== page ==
When a story seems too hyperbolic or prescient to be true, we call it “stranger than fiction.” We marvel that “you couldn’t script” the kind of twists that make up our wildest tales, or else that no one would believe them for embodying every cliché they possibly could. The wisdom then becomes that “seeing is believing”: that the only real way to believe a supposedly unbelievable melodrama is to watch it unfold with your own eyes and feel your skepticism calcify into an understanding. Then, maybe, the story that once seemed unfathomable evolves into something more layered and recognizably real.
Such is the mission of “Impeachment: American Crime Story,” which follows in the footsteps of the FX anthology series’ previous installments (“The People v. O.J.” and “The Assassination of Gianni Versace”) by trying to recreate a national scandal by highlighting its most human elements. This chapter, steered by playwright Sarah Burgess, swaps splashy murder for the political quagmire of Pres. Bill Clinton lying about his affair with Monica Lewinsky, diving into the salacious way it all came to light and the nefarious backroom dealings that used Monica as fuel for political fires. There’s plenty of rich material to mine here, and with the benefit of having Lewinsky onboard as a producer, “Impeachment” strives to bring nuance to a fraught situation that almost immediately became an international punchline. And yet, for as much effort as “Impeachment” puts into recreating the ‘90s and making everyone a dead ringer for their real-life counterparts, watching the show feels like taking a trip to the uncanny valley rather than the recent past.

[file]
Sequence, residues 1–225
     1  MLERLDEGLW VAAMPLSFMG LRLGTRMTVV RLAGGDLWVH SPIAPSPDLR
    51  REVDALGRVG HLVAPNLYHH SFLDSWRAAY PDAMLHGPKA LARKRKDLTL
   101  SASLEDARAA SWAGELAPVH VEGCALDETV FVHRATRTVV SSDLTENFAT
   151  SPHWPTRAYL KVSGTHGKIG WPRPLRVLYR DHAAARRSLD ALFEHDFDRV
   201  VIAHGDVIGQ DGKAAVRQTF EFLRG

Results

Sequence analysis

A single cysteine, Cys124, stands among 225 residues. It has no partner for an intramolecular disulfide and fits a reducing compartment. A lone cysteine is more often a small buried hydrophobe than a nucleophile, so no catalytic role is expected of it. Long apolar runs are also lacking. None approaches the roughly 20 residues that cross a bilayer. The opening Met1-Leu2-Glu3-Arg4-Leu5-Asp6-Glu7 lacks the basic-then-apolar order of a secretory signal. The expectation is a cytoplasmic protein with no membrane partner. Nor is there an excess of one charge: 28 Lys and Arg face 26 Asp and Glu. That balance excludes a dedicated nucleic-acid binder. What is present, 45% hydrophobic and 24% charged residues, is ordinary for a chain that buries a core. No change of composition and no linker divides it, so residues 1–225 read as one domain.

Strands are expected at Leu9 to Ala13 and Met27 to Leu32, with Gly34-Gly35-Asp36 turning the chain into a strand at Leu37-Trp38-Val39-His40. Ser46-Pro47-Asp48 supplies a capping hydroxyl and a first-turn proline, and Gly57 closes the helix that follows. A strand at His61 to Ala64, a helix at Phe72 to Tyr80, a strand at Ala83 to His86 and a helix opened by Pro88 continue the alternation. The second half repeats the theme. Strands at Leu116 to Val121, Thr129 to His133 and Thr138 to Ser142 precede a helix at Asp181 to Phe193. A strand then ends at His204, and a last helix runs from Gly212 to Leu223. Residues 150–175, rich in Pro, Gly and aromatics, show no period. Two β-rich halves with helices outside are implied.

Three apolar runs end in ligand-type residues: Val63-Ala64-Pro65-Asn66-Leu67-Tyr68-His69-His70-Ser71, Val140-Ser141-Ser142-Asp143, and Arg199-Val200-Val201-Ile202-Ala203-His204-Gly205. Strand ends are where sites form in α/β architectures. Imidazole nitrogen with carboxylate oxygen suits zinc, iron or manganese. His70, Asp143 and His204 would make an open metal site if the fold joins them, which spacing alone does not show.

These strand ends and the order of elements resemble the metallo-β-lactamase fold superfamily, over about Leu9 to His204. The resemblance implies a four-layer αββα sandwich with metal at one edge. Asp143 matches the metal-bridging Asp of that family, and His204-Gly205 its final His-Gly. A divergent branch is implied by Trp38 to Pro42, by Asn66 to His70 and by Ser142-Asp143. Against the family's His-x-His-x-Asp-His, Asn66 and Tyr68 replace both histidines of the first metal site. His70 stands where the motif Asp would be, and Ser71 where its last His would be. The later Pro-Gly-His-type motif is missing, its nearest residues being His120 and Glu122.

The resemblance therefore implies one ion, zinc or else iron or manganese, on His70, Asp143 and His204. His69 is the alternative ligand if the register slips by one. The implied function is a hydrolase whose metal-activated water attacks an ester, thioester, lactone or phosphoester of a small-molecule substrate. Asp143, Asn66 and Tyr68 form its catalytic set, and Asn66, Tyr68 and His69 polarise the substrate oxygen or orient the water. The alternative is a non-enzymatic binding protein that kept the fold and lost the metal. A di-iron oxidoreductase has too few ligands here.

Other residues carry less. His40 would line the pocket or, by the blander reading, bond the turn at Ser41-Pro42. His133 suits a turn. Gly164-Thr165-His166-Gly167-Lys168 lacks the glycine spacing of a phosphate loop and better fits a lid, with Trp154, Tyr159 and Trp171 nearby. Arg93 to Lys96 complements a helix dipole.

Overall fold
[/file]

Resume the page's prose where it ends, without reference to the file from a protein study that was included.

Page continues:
Taking itself too seriously to be camp, but not seriously enough to avoid some of TV’s most obvious traps, the series struggles so hard to juggle every storyline it tackles that the scripts often force characters to be the most obvious versions of themselves. Given the chance to portray people who continue to have outsized influence on politics and the world today, “Impeachment” rarely resists the opportunity to remind the audience of that fact with lines so clunky they might as well be said through winks aimed directly at the camera. (In one scene, for example, one of Kenneth Starr’s investigators asks his colleague for an opinion, to which a young Brett Kavanaugh replies, “I never like to take no for an answer, but…”) Only a couple actors dig themselves out from underneath the weight of leaden dialogue, overt exposition and, in some cases, extremely distracting prosthetics. Otherwise, “Impeachment” is an overwrought rehash that’s more off-putting than enlightening as it crams everything it can into its inherently complex narrative.